Paul Weston was born on March 12, 1912, in Springfield, Massachusetts. When he was two years old, his family moved to Pittsfield where he attended grammar and high school. He majored in Economics at Dartmouth College, was elected to Phi Beta Kappa in his senior year, and graduated cum laude with the class of 1933. During his four years at Dartmouth, Weston also studied music and organized and led his own dance band, The Green Serenaders.
Weston went to New York in the fall of 1933, took some graduate courses at Columbia University, and played piano in the Columbia dance band, The Blue Lions. In January 1934 he was severely injured in a train accident. During his convalescence, he spent quite a bit of time arranging music. Upon his return to New York in the fall of 1934, he sold an arrangement of “Pop Goes Your Heart” to the Joe Haymes Orchestra at the McAlpin Hotel. This led to the commissioning of several additional arrangements for Haymes, one of which was a medley of tunes from Anything Goes which was heard by Rudy Vallee. Rudy sent for Weston and offered him the opportunity to make arrangements for the then-famous radio show The Fleischman Hour. During this time, Weston also made arrangements for Phil Harris.
In the fall of 1935 the Dorsey Brothers band split up, and Tommy and Jimmy Dorsey went their separate ways. Tommy used the Joe Haymes Orchestra as a basis for his first time try as a solo orchestra leader. Weston joined him as a full-time exclusive arranger and stayed with the band for five and a half years. In January 1940, Weston became a free-lance artist and conducted his first recording session for Liberty Music Shop, a Lee Wiley album of Rodgers and Hart songs. Weston then began writing arrangements for a new singer at Victor Records, Dinah Shore.
In the summer of 1940, he moved to Hollywood to write for the Bob Crosby orchestra, although he still continued to write for Dinah Shore’s radio and record dates. He also wrote for Fibber McGee and Molly, Ginny Simms, and Paul Whiteman during this time. In 1941, the Bob Crosby orchestra was hired to do the background music for the Bing Crosby-Fred Astaire musical, Holiday Inn. Weston’s arrangements for the picture were so admired that the studio asked him to do work for Bing Crosby, Bob Hope, and Betty Hutton.
In 1942, while working at Paramount Studios, Paul met Johnny Mercer, who was in the process of forming Capitol Records with Buddy DeSylva and Glenn Wallichs. Johnny wanted Paul to write for the label. On April 6, 1942, Paul directed and arranged Johnny Mercer’s “Strip Polka,” the first arrangement written for a Capitol Records artist.
On August 1, 1942, the Musician’s Union strike went into effect and caused a recording ban across the country. Work at Capitol Records ceased until June 1943 when Johnny Mercer premiered his radio program, Johnny Mercer’s Music Shop. The show was a showcase for new Capitol Records talent and featured artists such as Ella Mae Morse, Jo Stafford, and the Pied Pipers. In October, the recording ban was lifted for Capitol Records, and Weston started to record again with these artists and others such as Betty Hutton, Margaret Whiting, Gordon MacRae, Matt Dennis, and Andy Russell.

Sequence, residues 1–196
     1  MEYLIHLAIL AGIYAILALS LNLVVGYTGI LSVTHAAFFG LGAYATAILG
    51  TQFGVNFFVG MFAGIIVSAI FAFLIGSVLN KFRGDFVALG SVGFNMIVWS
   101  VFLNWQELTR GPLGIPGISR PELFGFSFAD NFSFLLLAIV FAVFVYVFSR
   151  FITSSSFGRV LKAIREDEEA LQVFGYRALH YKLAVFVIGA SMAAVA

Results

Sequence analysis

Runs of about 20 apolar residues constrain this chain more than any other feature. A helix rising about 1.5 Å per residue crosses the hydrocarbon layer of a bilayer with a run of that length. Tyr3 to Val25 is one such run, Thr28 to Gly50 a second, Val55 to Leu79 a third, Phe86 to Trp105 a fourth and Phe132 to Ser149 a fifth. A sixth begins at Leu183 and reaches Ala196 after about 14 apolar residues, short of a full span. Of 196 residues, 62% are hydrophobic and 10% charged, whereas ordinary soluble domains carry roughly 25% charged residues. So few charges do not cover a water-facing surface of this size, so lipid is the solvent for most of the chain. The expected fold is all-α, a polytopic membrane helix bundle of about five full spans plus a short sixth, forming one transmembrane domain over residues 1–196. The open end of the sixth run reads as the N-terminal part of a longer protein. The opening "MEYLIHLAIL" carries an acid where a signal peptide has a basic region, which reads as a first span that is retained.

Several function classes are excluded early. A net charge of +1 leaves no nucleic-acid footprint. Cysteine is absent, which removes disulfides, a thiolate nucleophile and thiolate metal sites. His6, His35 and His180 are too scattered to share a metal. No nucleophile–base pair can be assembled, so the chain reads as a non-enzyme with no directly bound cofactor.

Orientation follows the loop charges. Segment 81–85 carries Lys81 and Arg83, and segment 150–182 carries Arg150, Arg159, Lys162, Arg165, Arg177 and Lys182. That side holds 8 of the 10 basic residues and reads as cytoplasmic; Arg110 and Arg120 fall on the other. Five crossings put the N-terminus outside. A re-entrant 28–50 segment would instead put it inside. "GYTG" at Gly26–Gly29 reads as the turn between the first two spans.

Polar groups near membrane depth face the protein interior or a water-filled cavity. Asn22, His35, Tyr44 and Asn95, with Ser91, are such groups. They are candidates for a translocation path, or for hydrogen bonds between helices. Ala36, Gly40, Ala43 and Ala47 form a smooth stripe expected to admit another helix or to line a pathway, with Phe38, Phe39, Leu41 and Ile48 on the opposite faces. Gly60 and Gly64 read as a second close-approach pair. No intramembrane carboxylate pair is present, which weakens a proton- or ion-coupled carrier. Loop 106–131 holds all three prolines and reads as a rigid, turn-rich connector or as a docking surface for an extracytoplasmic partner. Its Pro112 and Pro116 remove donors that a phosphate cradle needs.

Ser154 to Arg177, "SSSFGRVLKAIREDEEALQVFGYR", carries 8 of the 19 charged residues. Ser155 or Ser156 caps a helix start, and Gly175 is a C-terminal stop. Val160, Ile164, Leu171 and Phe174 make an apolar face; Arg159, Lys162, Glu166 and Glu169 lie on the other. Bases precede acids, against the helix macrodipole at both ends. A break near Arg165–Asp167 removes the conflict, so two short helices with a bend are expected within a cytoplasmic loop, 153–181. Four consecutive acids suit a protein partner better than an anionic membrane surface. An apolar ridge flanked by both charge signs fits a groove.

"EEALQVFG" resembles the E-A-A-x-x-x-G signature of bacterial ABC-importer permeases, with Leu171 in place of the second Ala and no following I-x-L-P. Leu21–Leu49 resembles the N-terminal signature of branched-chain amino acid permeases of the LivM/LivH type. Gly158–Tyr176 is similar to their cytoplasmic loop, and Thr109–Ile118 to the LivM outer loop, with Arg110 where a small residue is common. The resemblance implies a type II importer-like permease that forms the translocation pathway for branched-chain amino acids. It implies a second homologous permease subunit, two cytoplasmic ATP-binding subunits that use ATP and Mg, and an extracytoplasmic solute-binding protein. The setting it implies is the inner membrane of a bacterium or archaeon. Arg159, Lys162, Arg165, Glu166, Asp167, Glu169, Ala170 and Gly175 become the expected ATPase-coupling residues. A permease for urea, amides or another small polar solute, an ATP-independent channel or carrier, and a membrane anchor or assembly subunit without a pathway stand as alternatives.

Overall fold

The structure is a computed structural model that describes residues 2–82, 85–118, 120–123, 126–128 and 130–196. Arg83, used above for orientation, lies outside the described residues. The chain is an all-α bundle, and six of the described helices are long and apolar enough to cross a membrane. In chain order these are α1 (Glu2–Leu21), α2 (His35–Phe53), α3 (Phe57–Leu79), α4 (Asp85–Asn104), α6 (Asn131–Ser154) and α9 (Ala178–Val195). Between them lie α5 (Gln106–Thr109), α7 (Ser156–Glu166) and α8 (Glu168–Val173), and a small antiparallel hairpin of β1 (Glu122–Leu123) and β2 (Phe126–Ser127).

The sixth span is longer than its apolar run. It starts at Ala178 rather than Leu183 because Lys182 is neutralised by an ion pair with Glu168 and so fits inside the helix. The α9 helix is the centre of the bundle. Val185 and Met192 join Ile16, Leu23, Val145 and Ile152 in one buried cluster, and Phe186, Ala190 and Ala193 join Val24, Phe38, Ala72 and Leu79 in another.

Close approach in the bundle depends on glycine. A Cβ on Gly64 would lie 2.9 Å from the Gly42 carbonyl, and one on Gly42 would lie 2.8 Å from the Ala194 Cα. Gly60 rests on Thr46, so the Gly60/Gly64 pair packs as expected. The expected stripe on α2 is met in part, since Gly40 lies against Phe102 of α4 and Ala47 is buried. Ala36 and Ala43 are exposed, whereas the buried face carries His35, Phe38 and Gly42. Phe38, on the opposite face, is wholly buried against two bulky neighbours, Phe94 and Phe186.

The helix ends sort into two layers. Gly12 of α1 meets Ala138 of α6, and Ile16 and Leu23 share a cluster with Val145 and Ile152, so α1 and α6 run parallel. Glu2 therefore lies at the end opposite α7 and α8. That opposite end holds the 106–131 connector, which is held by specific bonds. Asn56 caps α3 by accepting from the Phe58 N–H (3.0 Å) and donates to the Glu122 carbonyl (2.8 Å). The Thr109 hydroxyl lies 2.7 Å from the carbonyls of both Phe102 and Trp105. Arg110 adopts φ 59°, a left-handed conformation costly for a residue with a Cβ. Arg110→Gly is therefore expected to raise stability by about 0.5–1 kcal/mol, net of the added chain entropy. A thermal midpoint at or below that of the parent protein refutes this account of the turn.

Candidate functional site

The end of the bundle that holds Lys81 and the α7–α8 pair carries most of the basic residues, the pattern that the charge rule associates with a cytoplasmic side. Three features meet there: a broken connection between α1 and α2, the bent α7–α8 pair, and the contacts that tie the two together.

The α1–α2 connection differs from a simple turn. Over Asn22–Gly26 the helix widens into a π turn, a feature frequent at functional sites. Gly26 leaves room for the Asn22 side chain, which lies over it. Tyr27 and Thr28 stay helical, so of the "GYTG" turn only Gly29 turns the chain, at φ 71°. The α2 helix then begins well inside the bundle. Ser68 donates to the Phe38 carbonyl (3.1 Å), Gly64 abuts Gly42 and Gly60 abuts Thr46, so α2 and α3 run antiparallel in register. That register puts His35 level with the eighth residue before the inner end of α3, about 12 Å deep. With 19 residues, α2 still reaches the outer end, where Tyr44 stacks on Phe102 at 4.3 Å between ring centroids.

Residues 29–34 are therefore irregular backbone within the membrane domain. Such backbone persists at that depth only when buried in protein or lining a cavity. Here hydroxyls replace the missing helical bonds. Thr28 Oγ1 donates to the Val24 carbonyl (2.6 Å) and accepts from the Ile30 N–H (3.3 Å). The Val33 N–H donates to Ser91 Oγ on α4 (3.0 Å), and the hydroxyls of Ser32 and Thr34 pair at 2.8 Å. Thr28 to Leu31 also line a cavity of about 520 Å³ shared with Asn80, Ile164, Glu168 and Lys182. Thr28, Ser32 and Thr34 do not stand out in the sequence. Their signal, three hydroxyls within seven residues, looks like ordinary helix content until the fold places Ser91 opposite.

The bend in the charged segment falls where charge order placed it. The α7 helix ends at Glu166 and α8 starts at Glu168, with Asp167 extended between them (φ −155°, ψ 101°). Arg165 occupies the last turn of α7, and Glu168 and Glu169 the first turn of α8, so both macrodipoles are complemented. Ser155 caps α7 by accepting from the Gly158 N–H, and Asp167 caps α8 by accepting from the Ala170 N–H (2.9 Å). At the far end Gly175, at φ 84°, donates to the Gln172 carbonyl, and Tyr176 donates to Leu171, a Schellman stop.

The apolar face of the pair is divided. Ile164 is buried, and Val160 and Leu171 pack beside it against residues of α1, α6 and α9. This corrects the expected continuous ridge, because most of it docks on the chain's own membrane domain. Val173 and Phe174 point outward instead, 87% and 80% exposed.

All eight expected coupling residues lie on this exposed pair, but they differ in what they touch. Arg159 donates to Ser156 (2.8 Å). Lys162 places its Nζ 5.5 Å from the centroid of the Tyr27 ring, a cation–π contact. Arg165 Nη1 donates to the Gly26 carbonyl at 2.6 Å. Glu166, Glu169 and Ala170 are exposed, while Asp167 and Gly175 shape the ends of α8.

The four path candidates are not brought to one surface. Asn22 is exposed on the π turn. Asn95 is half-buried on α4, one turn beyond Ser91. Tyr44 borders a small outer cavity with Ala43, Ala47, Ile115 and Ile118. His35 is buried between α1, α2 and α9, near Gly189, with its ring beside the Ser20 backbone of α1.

In 1944, Paul was hired on as Musical Director and Artist and Repertoire consultant for Capitol, a position he held for six years. He also conducted the orchestra for Duffy’s Tavern, Joan Davis, the Hit Parade, and Jo Stafford’s Chesterfield Supper Club. During this time, he conceived an idea for an album of music that would incorporate great melodies into stylized music that wouldn’t compete with conversation. This idea became known as “Mood Music” and was represented in Paul’s first album called Music For Dreaming.
In 1950, Paul switched to Columbia Records and brought Capitol Records’ top recording artist, Jo Stafford, with him. He starred in his own CBS radio show and continued his output of “Mood Music” albums. In 1952, he married Jo Stafford. In 1952 they had a son, Tim; a daughter, Amy, was born in 1956.
During the 1950s he became increasingly more involved in television with credits on The Jo Stafford Show, The Chevy Show and numerous other specials. In 1957, he helped to form the National Academy of Recording Arts and Sciences, and acted as the first president of the Los Angeles chapter. Also during that year, he and his wife introduced the comedy team of Jonathan and Darlene Edwards, whose recording of Jonathan and Darlene Edwards in Paris, resulted in a Grammy award in 1960.
During the 1960s Weston concentrated most of his work in television.
He was the musical director for the Danny Kaye Show, The Jonathan
Winters Show, The Jim Nabors Show, The Chevy Show, and others.
In the early 1970s, he wrote for the Disney On Parade show. By 1974,
Paul Weston was largely retired, although he continued to write
music and record as Jonathan Edwards. In the late 1970s he formed
Records label, which to this day reissues the Columbia recordings
made by Paul and Jo.
Paul’s composing was largely uninterrupted throughout his life. He wrote standards such as “Day By Day” and “I Should Care,” as well as symphonic works like his Crescent City Suite, The Bells of Santa Ynez, The Journey of Mercy Partridge and more. Paul Weston passed away in 1996.